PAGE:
Maestro Subgum and the Whole
Music with Teeth for People with Gums..
This fantastically creative rock/cabaret band out of Chicago is long gone, releasing their last album in 1995. Their eight studio albums have been out of print for way too long.
To remedy that, Uvulittle Records has re-mastered and has re-released all the original albums plus previously un-available live and studio material.
MAESTRO SUBGUM AND THE WHOLE : A Brief History
Maestro Subgum and the Whole is the brainchild of Beau O’Reilly, who founded the band in Madison, Wisconsin, in the late 70s, then brought it to its creative peak in Chicago in the 80s and 90s. The band’s innovative sound – music with teeth for people with gums – was always a cabaret of rock, folk, and stage musical songs, strong on melody and intelligent lyrics. The songs were usually topical, though they never shied away from the personal politics of love and life.
Originally centered on strong trio vocals and a full piano sound (provided by first Kit Keasey, then Joe Huppert, then Michael Greenberg), the band has ranged from primarily acoustic to driving electric to the best known Maestro era featuring as many as 7 singers and a horn section. While quite an array of musicians have contributed to the Maestro legacy, Beau has always kept the focus on the vocals, although many a gig ended with everybody shaking the proverbial leg. The band has also been closely associated with the Chicago Theatre scene, especially the Curious Theatre Branch and the Rhinoceros Theatre Festival.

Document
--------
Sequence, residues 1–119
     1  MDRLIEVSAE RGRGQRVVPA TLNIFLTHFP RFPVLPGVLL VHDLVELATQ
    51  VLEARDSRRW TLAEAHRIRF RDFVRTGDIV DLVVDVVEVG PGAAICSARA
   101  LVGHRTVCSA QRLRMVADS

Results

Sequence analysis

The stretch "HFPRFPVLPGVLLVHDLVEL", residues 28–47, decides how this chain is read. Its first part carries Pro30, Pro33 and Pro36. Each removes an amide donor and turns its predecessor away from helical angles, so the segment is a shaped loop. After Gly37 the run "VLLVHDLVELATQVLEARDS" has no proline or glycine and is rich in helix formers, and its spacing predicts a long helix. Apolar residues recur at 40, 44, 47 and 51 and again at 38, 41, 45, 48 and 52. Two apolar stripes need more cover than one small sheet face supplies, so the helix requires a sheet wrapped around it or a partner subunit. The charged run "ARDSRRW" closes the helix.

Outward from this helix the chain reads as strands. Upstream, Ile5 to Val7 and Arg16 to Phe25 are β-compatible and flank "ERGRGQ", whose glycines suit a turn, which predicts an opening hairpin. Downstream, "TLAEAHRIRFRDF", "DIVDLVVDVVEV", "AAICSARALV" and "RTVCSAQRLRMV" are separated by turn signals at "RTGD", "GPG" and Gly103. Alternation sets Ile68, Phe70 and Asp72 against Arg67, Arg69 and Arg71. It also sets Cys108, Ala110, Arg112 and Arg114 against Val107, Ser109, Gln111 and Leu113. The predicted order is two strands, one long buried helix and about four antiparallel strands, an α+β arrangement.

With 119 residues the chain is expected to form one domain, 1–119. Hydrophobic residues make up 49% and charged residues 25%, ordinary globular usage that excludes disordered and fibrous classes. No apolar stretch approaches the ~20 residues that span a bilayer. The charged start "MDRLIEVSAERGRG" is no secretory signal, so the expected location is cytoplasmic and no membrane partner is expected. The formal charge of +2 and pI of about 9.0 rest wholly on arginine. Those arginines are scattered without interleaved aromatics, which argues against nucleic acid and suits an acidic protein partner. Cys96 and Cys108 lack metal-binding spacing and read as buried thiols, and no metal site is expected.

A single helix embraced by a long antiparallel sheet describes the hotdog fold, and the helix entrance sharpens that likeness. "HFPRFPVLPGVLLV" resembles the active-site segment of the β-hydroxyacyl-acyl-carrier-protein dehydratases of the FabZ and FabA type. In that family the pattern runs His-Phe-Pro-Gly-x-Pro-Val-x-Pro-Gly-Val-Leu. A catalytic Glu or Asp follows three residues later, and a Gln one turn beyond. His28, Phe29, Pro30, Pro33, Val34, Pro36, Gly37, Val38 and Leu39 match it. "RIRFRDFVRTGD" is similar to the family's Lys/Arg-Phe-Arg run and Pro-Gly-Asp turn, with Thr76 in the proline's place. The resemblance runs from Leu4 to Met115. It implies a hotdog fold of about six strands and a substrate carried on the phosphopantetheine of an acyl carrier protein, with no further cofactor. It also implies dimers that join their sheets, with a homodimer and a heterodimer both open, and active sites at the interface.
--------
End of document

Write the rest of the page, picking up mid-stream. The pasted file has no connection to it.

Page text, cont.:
Beau always pontificated between songs as Lefty Fizzle, the Chaplin-moustached, cane-wielding conscience of the group, and he also assigned stage names to the other band members (Jenny the Magnifire, Joe Tech, Miki da Lip, Red Ned the Flaming Messenger of Love). At its most ambitious, the group toured regionally (particularly to Madison) and even abroad, but its core audience has always been Chicago, in theatres and in clubs such as Lower Links, Phyllis’ Musical Inn, and The Lunar Cabaret.
Songs in the Maestro canon are mostly original, often written in collaboration, and largely by Beau O’Reilly, Jenny Magnus, and Michael Greenberg. The cover songs usually did not ape their originals, but instead brought fresh sounds and interpretations to tunes by Greg Brown, Michael Smith, Jonathan Richman, and even back to Vaudeville and Music Hall writers. Recordings, released on various independent labels, were mostly made during the late 80s and 90s when Beau and Jenny were the primarily singers, and Miki directed the musicians.